- What is Program Management?
- Program Management Key Terms
- Basics of Program Management
- Program Management Video
- Managing Programs With ProjectManager.com
- Program Manager vs Project Manager
- Program Management Certification
- Program Management Industries and Roles
- How ProjectManager.com Helps with Program Management
What is Program Management?
Program management is the process of managing several projects and programs simultaneously to streamline organization and productivity. By prioritizing resources across projects, proper program management works to make all projects more efficient for long-term stability.
Program management also addresses risk management, quality control, managing stakeholder communications and reporting. It is a process that helps make projects successful and involves many management decisions at every stage.
When undertaking the task of managing a program, program managers rely on powerful software tools that allow them to plan, monitor and report on performance. With ProjectManager.com’s online suite of program management tools, you can make the right decisions for you and your organization. Try a 30-day trial and get started today.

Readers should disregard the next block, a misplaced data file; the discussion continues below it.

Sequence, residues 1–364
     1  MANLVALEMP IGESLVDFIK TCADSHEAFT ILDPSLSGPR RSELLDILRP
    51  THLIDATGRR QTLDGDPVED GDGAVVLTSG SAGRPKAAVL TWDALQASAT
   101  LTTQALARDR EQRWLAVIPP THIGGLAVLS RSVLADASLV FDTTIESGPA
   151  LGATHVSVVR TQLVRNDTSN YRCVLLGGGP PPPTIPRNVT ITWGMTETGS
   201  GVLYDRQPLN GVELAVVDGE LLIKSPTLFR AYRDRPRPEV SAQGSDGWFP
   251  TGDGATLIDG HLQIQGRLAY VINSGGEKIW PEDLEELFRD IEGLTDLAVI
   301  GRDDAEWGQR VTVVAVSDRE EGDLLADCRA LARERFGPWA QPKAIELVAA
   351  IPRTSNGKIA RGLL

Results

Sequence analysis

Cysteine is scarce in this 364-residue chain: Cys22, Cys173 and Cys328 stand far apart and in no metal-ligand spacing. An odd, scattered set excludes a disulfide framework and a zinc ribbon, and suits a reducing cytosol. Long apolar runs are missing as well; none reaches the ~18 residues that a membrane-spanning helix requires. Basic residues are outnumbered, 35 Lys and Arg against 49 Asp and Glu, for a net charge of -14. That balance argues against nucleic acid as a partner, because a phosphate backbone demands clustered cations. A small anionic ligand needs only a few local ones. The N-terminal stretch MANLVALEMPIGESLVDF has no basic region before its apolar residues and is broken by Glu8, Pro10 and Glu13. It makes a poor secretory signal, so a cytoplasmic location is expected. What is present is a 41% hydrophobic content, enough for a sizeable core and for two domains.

Program Management Key Terms
Program management differs from project management, in that the former is more strategic and the latter focused on timely quality deliverables. However, many terms used in program management are the same as those in project management. It’s still helpful to run through the bigger ones to better communicate what program management is and how it differentiates from project management.
- Milestone: Marks the beginning or end of a phase in an individual project, usually around related deliverables. Helps track progress.
- Stakeholder: Anyone with a vested interest in the project or program.
- Baseline: Used to measure performance by capturing the schedule, cost and scope of a project plan. Then actual progress can be compared against this.
- Triple Constraint: Three areas that impact any project or program, being time, scope and cost, which must be balanced to maintain progress. Quality is often included as the fourth point on this triangle.
- Program Life Cycle: Made up of five stages, formation, organization, deployment, appraisal and dissolution.